Federal Employees Group Life Insurance (FEGLI)

Here’s a simple memory test for you. When did you first become eligible for the Federal Employees’ Group Life Insurance program? The day you started working for the federal government should be the correct response. Unless you formally declined that coverage before the end of your first pay period, the coverage is still in effect.

There are two distinct types of FEGLI protection provided by the default plan. The first is called “Basic,” and it’s a no-medical exam option for group-term life insurance. The second, it’s a form of insurance known as accidental death and dismemberment (AD&D). It provides double indemnity in the event of an accident. The government and you will split the premium for this set of benefits, with one notable exception. The Postal Service covers its employees’ entire cost of Basic insurance due to collective bargaining agreements.

Basic life insurance

Your Basic life insurance policy is worth one year’s worth of wages. This sum will be subtracted from your retirement plan contributions. Additionally, it is rounded up to the next higher thousand dollars and increased by $2,000. Every time your income fluctuates, that amount changes.

Your AD&D coverage amount would equal your Basic coverage if you were to pass away or lose two or more body parts, such as a hand, foot, or eye. If you were to lose only one of your body parts, the price would drop by 50%.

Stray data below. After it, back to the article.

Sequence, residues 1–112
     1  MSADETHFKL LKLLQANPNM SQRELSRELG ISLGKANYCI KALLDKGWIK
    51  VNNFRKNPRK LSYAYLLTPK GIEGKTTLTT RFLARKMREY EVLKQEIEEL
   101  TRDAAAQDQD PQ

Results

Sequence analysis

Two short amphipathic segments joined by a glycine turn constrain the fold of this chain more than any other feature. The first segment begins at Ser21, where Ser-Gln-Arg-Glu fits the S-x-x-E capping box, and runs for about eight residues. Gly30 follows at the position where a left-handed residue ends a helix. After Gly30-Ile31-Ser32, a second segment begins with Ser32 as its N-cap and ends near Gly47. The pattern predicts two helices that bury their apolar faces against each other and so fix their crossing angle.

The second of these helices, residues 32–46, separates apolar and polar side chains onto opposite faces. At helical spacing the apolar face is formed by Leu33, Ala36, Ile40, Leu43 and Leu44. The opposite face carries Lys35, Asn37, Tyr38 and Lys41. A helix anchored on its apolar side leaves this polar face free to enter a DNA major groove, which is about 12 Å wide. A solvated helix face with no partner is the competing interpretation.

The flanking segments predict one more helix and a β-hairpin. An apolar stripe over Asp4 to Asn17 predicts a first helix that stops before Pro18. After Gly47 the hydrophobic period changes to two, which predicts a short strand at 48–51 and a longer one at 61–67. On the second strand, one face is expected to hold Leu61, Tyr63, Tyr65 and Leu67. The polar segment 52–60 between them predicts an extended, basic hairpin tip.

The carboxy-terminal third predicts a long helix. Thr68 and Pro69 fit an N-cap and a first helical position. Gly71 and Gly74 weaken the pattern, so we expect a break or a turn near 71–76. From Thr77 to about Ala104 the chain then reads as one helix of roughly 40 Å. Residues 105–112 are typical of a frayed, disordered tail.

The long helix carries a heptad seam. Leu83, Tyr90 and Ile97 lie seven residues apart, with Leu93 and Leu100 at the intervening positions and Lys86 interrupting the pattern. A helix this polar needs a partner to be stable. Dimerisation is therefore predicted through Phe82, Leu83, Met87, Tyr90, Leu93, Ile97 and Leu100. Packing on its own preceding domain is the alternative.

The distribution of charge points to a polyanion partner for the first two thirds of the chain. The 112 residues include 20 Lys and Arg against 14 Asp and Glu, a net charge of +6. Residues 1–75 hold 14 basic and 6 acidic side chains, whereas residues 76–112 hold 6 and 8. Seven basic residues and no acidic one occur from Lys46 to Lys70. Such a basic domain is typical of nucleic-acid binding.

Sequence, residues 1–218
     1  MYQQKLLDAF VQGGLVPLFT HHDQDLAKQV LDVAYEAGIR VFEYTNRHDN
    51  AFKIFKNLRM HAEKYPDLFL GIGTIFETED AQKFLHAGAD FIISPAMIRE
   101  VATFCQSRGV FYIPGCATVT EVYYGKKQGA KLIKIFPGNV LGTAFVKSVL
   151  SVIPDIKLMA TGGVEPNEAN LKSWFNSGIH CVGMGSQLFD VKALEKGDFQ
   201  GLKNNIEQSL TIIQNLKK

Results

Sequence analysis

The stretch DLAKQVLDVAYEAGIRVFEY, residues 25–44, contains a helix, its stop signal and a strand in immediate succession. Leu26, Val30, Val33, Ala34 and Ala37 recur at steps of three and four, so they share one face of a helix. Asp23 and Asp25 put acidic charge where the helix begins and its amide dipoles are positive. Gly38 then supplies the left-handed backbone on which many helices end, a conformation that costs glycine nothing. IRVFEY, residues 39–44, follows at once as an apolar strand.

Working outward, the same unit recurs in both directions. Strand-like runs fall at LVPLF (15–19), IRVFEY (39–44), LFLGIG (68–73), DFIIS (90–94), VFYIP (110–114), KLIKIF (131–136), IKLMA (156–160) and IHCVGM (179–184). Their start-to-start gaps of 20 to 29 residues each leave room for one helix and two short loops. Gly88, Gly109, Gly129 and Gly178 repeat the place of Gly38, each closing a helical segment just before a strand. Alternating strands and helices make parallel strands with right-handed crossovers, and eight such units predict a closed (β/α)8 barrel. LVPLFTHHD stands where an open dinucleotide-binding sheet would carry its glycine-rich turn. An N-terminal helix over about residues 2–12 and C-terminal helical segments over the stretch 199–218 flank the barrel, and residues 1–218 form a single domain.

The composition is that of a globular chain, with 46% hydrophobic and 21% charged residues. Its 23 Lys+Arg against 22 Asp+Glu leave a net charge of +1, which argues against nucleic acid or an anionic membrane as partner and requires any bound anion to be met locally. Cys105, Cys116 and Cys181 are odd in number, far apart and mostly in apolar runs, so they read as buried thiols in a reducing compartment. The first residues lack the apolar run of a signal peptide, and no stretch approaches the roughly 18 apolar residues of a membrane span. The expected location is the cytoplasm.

The AD&D benefit you receive is age-dependent. If you are under 35, your AD&D coverage will equal twice your Basic life insurance. When you reach age 45 or older, the multiplier equals your Basic insurance amount after declining by one-tenth for each year you are over 35.

Additional life insurance

After you have basic and accidental death and dismemberment (AD&D) life insurance, you can add other types of coverage. Suppose you decide to go with one of these alternatives. In that case, you will pay for everything associated with it.

Option A: Standard Insurance

Option A allows you to purchase up to $10,000 more in life insurance. Insurance premiums start relatively low but rise steadily as an employee age. You pay more the older you are.

Option B: Additional

If you select Plan B, the policy provider will round up your life insurance coverage to the closest $1,000. It will equal one, two, three, four, or five times your annual basic salary.

Option C – Family

Option C allows you to include your spouse and qualifying dependent children under a single insurance plan for easier administration. Like with Option B, you can select as much as five times the minimum coverage required, with each additional multiple equating to $5,000 for your spouse and $2,500 for each of your children. Premiums are calculated per-multiple basis and are directly related to how old you are.

Contact Information:
Email: [email protected]
Phone: 7242723902

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Craig E. Vukich is a 35 year retirement specialist and Financial Advisor who has helped thousands of clients all over the country with their investment portfolios and retirement strategies. In that time, Craig has also helped seniors and retirees with their Medicare options as healthcare continues to be one of the most confusing issues facing people today.Personally, Craig lives in Beaver Falls, Pa with his beautiful wife and childhood sweetheart Barb and their lovely daughter Shalyn.Craig is a graduate of Westminster College which is about an hour north of Pittsburgh. Craig is a recreational golfer and traveler and Pittsburgh sports fanatic.

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